Europe’s Next Great Cultural Destination: Valletta, Malta

Steeped in history, the age-old city and 2018 European Capital of Culture is undergoing a modern revival.

Renzo Piano's angular, monumental Parliament building.

From the sea, the capital of the tiny island republic of Malta looks archaic and surreal. A small city of gridded streets, built on a peninsula that rises like a crooked finger between two ancient harbors, Valletta’s baroque townhouses and M.C. Escher–esque fortification walls carved from a single piece of golden-hued limestone rise like ageless relics. The first thought I had when I managed to take in the whole of the place from a small ferry crossing the Grand Harbor was, “What aesthetically inclined society built this monumental city?” The second thing that came to mind was that it resembled an epic set straight out of Game of Thrones. (That’s not so far from the truth; several scenes from the first season of the show were filmed on Malta.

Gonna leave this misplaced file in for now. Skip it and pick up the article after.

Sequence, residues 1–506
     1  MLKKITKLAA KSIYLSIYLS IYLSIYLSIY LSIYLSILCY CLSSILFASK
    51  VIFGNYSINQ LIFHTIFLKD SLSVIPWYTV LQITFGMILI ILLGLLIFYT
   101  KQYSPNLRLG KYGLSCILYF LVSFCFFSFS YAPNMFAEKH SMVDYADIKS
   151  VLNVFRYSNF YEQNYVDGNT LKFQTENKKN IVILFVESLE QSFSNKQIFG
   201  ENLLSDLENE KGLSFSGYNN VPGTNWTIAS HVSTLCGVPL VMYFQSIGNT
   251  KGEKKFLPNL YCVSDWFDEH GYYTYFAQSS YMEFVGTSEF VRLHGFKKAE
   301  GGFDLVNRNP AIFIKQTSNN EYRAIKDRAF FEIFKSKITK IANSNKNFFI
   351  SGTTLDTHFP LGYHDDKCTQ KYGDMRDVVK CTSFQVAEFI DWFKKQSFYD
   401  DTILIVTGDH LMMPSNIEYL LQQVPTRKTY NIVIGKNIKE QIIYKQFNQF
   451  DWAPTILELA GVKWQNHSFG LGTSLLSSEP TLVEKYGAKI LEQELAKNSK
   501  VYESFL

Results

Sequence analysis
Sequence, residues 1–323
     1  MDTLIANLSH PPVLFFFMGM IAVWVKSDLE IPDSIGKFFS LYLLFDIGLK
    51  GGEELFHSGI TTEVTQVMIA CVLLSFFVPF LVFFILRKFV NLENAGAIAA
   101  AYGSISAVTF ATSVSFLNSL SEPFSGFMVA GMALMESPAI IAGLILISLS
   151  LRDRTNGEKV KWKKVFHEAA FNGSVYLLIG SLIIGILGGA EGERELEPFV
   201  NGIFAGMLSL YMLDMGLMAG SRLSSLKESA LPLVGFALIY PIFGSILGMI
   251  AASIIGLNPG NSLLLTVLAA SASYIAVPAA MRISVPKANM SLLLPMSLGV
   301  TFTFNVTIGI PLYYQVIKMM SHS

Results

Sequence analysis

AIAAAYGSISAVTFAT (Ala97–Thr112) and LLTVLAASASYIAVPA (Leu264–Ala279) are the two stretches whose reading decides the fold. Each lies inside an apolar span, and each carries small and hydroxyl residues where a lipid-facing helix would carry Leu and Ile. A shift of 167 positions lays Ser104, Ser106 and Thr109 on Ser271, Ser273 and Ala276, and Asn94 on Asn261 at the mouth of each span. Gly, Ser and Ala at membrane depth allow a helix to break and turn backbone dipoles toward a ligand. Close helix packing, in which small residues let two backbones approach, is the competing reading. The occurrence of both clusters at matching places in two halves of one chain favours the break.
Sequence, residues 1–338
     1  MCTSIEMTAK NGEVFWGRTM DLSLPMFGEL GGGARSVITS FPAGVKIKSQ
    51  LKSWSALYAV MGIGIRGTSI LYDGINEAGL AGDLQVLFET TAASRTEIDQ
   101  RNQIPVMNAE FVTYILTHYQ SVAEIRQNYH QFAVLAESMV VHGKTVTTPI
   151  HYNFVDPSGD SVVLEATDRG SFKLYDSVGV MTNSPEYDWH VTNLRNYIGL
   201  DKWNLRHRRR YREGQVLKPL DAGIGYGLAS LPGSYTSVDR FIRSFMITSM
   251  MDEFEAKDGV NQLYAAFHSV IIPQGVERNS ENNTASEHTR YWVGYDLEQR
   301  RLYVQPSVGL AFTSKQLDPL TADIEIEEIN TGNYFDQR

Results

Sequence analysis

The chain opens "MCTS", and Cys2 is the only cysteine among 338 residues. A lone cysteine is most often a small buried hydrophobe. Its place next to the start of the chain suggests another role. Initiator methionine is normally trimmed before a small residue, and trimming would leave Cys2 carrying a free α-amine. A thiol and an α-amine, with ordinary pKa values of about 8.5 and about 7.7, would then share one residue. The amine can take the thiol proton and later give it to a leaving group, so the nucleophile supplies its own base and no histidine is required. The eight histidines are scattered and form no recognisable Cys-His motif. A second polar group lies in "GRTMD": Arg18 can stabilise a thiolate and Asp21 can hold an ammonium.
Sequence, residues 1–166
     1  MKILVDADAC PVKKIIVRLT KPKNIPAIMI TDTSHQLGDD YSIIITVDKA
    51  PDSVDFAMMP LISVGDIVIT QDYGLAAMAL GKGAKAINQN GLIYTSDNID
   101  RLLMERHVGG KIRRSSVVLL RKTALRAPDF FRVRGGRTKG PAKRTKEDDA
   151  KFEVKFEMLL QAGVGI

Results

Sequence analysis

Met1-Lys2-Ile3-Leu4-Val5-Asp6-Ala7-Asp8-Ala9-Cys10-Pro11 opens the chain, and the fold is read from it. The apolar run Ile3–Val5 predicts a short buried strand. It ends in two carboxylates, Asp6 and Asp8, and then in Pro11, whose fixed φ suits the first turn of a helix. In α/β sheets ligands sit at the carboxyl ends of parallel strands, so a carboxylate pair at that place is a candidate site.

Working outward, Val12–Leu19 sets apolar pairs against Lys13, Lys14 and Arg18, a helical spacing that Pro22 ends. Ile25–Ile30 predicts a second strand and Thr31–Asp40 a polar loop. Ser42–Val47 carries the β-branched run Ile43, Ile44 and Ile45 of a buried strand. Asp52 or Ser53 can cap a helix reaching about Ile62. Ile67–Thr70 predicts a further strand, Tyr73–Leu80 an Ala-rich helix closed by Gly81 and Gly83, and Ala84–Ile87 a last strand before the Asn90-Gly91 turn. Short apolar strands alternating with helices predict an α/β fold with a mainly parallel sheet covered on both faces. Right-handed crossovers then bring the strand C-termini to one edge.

With such a deep history, the Maltese have been justifiably resistant to change. But Valletta’s designation, five years ago, as the European Capital of Culture for 2018, is perhaps the most significant development driving the city’s metamorphosis. Now, a new generation of locals, international designers, and investors are turning Valletta into an under-the-radar cultural destination with both historic and modern appeal. Over several recent visits, I found the ancient port to be a pulsing, vibrant place where abandoned townhouses are being converted into stylish boutique hotels and small independent art galleries.

In Valletta, even when you are searching for its future, it’s impossible to avoid its past. From the late Middle Ages to the turn of the 19th century, Malta was ruled by the legendary Order of Saint John, who was awarded the archipelago in 1530 by Emperor Charles V, with approval from the Pope, in exchange for an annual payment of one highly prized Maltese falcon. The Roman Catholic command, now usually referred to as the Knights of Malta, built Valletta in the 16th century as both a grand statement of power and a strategic military stronghold. Even today, many locals still boast about the Great Siege of Malta, when, in 1565, against all odds, the Knights and just 400 locals fought invading Ottomans and won.